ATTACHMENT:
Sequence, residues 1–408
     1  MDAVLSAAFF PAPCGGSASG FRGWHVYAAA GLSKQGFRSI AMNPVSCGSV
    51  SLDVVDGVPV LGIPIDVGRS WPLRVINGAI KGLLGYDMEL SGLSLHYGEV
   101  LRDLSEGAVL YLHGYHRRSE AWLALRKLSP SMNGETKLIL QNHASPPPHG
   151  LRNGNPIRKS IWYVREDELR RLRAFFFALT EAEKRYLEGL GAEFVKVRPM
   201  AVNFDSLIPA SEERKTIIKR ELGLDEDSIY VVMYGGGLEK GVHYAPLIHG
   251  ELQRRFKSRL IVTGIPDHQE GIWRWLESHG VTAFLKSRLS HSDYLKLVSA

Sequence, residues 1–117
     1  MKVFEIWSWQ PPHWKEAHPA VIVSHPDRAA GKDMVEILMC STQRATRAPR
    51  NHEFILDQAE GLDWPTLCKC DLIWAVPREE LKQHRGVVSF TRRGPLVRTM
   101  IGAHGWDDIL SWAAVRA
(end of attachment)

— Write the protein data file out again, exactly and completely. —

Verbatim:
Sequence, residues 1–408
     1  MDAVLSAAFF PAPCGGSASG FRGWHVYAAA GLSKQGFRSI AMNPVSCGSV
    51  SLDVVDGVPV LGIPIDVGRS WPLRVINGAI KGLLGYDMEL SGLSLHYGEV
   101  LRDLSEGAVL YLHGYHRRSE AWLALRKLSP SMNGETKLIL QNHASPPPHG
   151  LRNGNPIRKS IWYVREDELR RLRAFFFALT EAEKRYLEGL GAEFVKVRPM
   201  AVNFDSLIPA SEERKTIIKR ELGLDEDSIY VVMYGGGLEK GVHYAPLIHG
   251  ELQRRFKSRL IVTGIPDHQE GIWRWLESHG VTAFLKSRLS HSDYLKLVSA

Sequence, residues 1–117
     1  MKVFEIWSWQ PPHWKEAHPA VIVSHPDRAA GKDMVEILMC STQRATRAPR
    51  NHEFILDQAE GLDWPTLCKC DLIWAVPREE LKQHRGVVSF TRRGPLVRTM
   101  IGAHGWDDIL SWAAVRA